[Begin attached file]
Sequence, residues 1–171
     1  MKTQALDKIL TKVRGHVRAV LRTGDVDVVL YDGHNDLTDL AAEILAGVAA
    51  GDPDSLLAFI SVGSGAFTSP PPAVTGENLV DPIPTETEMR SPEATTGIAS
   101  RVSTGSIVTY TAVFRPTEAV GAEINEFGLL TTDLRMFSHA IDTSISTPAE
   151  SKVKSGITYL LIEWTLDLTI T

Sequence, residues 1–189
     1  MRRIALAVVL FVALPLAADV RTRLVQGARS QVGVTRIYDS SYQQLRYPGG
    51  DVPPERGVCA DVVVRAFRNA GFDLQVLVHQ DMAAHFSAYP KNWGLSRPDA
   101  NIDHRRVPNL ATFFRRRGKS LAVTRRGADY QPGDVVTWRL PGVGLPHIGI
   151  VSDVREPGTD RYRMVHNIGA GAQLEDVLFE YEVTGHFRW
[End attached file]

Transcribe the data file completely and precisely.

Sequence, residues 1–171
     1  MKTQALDKIL TKVRGHVRAV LRTGDVDVVL YDGHNDLTDL AAEILAGVAA
    51  GDPDSLLAFI SVGSGAFTSP PPAVTGENLV DPIPTETEMR SPEATTGIAS
   101  RVSTGSIVTY TAVFRPTEAV GAEINEFGLL TTDLRMFSHA IDTSISTPAE
   151  SKVKSGITYL LIEWTLDLTI T

Sequence, residues 1–189
     1  MRRIALAVVL FVALPLAADV RTRLVQGARS QVGVTRIYDS SYQQLRYPGG
    51  DVPPERGVCA DVVVRAFRNA GFDLQVLVHQ DMAAHFSAYP KNWGLSRPDA
   101  NIDHRRVPNL ATFFRRRGKS LAVTRRGADY QPGDVVTWRL PGVGLPHIGI
   151  VSDVREPGTD RYRMVHNIGA GAQLEDVLFE YEVTGHFRW